What is the Outlook for California’s Atmospheric Rivers?

By neub9
2 Min Read

The recent record-breaking rainfall totals already for the 2023-2024 wet season in California are largely due to a series of storms bringing precipitation in a form known as atmospheric rivers.

Atmospheric rivers are long, narrow bands of highly concentrated moisture in the atmosphere that can transport large amounts of water vapor from the tropics to other parts of the world. Nicknamed “rivers in the sky”, atmospheric river events can be thousands of kilometers long and a few hundred kilometers wide, and they are responsible for a significant portion of the global transport of water vapor. The term “atmospheric river” was coined in 1994.

When atmospheric rivers make landfall, they can produce heavy precipitation, strong winds, and flooding. While atmospheric rivers can also bring drought relief to dry regions by delivering much-needed moisture, the precipitation overload can also wreak havoc by causing flooding, toppling trees, down power lines, and trigger landslides. The high winds and precipitation that arrives with atmospheric rivers make these storms some of the most damaging types of mid-latitude storms according to researchers. The mid-latitudes are the latitudes between the tropics and polar regions.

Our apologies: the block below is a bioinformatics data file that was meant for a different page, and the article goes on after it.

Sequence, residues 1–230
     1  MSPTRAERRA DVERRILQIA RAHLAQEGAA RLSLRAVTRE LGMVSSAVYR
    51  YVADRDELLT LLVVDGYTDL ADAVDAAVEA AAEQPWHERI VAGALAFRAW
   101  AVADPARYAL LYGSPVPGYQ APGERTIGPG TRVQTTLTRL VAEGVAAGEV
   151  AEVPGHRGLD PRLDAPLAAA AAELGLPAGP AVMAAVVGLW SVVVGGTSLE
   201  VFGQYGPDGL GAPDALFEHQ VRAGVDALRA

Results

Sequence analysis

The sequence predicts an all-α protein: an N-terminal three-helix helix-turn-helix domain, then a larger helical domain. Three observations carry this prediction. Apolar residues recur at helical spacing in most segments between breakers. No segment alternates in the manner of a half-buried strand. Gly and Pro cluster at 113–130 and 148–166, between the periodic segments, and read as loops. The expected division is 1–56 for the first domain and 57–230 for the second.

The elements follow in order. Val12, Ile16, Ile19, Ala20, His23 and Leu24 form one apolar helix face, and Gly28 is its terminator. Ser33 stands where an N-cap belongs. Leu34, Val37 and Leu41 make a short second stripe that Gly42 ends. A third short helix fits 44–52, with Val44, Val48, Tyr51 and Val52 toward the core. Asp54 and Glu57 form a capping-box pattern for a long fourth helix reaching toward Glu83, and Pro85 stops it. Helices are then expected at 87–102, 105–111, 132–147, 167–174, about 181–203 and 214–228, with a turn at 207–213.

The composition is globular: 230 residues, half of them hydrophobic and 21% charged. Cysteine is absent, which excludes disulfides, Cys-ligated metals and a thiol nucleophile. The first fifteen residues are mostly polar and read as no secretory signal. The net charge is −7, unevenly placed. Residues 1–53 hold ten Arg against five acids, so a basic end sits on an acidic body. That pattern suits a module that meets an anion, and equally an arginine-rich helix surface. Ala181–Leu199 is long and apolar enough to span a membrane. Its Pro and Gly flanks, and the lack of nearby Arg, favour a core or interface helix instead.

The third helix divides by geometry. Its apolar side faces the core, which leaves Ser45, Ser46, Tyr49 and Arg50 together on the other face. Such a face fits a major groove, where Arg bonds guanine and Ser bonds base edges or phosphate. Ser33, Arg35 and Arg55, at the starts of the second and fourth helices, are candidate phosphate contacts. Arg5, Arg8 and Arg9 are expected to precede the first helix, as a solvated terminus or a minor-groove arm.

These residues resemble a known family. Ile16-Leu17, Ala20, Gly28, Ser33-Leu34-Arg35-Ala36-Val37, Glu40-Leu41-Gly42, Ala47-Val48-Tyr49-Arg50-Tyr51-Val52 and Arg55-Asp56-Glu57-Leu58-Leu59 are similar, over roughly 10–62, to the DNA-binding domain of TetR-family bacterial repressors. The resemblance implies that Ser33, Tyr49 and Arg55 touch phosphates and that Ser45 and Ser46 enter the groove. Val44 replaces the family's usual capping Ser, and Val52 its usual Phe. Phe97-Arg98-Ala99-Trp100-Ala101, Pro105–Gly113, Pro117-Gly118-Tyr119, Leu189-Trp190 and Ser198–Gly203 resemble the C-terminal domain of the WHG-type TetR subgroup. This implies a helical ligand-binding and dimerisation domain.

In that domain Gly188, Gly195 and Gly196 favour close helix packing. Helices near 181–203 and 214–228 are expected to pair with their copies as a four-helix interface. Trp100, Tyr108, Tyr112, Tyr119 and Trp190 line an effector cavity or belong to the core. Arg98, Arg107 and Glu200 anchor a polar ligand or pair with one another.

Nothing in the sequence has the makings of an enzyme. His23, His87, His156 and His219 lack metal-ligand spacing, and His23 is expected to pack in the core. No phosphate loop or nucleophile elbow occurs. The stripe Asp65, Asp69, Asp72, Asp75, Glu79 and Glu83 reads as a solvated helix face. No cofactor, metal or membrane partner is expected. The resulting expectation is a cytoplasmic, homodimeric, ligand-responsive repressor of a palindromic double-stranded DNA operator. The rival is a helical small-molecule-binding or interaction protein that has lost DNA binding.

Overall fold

California’s location along the western coast of the United States means that the state is affected by atmospheric rivers that originate in the tropical Pacific Ocean. These atmospheric rivers tend to form along the east side of the subtropical high-pressure system that is centered over the Pacific Ocean and are often directed towards the west coast of North America by the prevailing westerly winds. The combination of moist air from the tropics and the high terrain of the Sierra Nevada mountains can lead to the formation of strong, moisture-laden atmospheric rivers that can bring heavy rain and snowfall to California.

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